This blog will expand on themes and topics first mentioned in my book, "The Automobile and American Life." I hope to comment on recent developments in the automobile industry, reviews of my readings on the history of the automobile, drafts of my new work, contributions from friends, descriptions of the museums and car shows I attend and anything else relevant to those interested in automobiles and auto history. Copyright 2009, 2010, 2011, 2012, 2013, 2014, 2015 , 2016 by the author.
Friday, December 16, 2016
Mercedes-Benz W 124 Coupes -- 1987-1996
It was almost 30 years ago, in March 1987, that Mercedes-Benz brought out the coupé variant of the mid-sized 124 model series. This means that, from 2017, in Germany for example, the first vehicles will be ripe for the coveted H (historic) licence plate. Yet the coupé models have long been classics – for some aficionados, they have held that status since their very debut at the Geneva Motor Show in 1987.
Stuttgart. "The new coupés of the mid-sized Mercedes class a harmonious blend of exclusive form and powerful performance, ground-breaking technology, high safety and economy. The flair of the exceptional with the relaxing comfort of a vehicle that one drives every day and also uses on long journeys. The external lines: sporty elegance – distinct styling, perfectly designed in every detail." This was how the first brochure from 1987 described the series 124 Mercedes-Benz coupé. Looked at today, these words are still appropriate. The only thing one might add is that these are precisely the characteristics that make the coupé a sought-after classic of the brand.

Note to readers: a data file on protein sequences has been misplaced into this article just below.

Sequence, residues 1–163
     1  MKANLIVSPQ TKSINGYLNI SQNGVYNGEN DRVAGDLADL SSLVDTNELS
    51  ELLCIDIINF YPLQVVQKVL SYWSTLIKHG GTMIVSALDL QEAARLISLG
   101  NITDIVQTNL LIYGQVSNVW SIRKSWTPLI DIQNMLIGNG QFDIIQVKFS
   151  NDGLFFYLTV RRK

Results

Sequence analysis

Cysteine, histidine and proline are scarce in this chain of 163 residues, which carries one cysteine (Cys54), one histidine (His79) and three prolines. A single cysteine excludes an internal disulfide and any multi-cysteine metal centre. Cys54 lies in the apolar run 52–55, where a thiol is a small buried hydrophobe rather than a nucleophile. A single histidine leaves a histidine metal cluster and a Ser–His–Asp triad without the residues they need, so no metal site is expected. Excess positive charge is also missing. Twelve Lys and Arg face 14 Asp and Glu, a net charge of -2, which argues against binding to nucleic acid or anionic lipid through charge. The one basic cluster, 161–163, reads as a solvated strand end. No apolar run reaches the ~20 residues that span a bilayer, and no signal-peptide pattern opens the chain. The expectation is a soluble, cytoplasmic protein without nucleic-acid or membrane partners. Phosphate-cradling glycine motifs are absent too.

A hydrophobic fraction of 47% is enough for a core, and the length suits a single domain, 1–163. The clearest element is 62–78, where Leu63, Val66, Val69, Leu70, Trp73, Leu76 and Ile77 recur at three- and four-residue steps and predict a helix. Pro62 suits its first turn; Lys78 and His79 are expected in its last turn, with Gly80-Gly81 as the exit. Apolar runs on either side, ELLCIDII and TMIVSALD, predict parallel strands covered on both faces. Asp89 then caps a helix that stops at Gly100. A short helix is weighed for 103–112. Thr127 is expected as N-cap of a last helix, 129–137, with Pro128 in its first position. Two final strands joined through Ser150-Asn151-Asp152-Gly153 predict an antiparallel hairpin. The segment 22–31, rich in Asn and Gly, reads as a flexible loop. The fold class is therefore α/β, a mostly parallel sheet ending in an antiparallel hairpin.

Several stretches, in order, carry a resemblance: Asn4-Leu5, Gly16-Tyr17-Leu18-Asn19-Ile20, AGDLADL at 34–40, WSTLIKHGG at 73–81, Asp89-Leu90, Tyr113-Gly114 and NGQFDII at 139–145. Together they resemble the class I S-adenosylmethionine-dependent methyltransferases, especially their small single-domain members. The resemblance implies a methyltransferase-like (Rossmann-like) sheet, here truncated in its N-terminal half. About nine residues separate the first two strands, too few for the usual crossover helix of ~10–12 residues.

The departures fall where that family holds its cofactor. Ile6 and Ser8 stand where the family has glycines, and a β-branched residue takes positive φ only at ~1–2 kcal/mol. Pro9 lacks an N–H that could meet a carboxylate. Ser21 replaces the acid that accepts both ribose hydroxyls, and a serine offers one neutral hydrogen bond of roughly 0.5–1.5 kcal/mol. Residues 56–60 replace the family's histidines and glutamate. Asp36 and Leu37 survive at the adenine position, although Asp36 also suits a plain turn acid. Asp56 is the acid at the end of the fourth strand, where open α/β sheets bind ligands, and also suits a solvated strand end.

230 CE and 300 CE – these were the names of the debutants 30 years ago. Then as now, the coupé has a lot going for it. One of its principal attributes is the design of the two-door models: elegant, distinctive and yet closely related to the other vehicles of the 124 model series. A characteristic design element that highlights the distinctiveness of the coupés in comparison with the other body variants is the rub strips with integral longitudinal door-sill panels. Positioned between the wheel cutouts on a level with the bumpers, they form the visual link between the front and rear aprons and, like these, are painted in contrasting colours.
Of course, the coupés also featured all the technical details of the saloon and estate variants, such as the high safety standard, sophisticated suspension and the (then already standard) closed-loop emission control system with three-way catalytic converter. The 300 CE even came as standard with an anti-lock braking system (ABS). The sum total of their characteristics has for many years made these vehicles sought-after young classics. The fact that they now qualify in Germany for the H (historic) licence plate even further ennobles the status of these vehicles as classics in that country.
In their further history, the coupés benefited from all the facelifts of the 124 model series. For instance, from 1989 they were optionally available with the "Sportline" package, which was already familiar from the compact models. Launched in the same year, the top-of-the-line model was the 300 CE-24, which was powered by a four-valve six-cylinder engine rated at 162 kW (220 hp). From June 1993, the model designations conformed to the new nomenclature with a prefixed letter to denote membership of the E-Class. The 320 CE thus became the E 320 Coupé. Over the years, there were various four- and six-cylinder engine variants. Launched in September 1993, the most potent coupé variant was the E 36 AMG, which was powered by a 195 kW (265 hp) 3.6-litre four-valve AMG engine. It was also one of the first models to be jointly developed by AMG and Mercedes-Benz after the two companies signed a cooperation agreement in 1990. In total, 141,498 units were manufactured of all series 124 coupés between 1987 and 1996 at the Sindelfingen plant.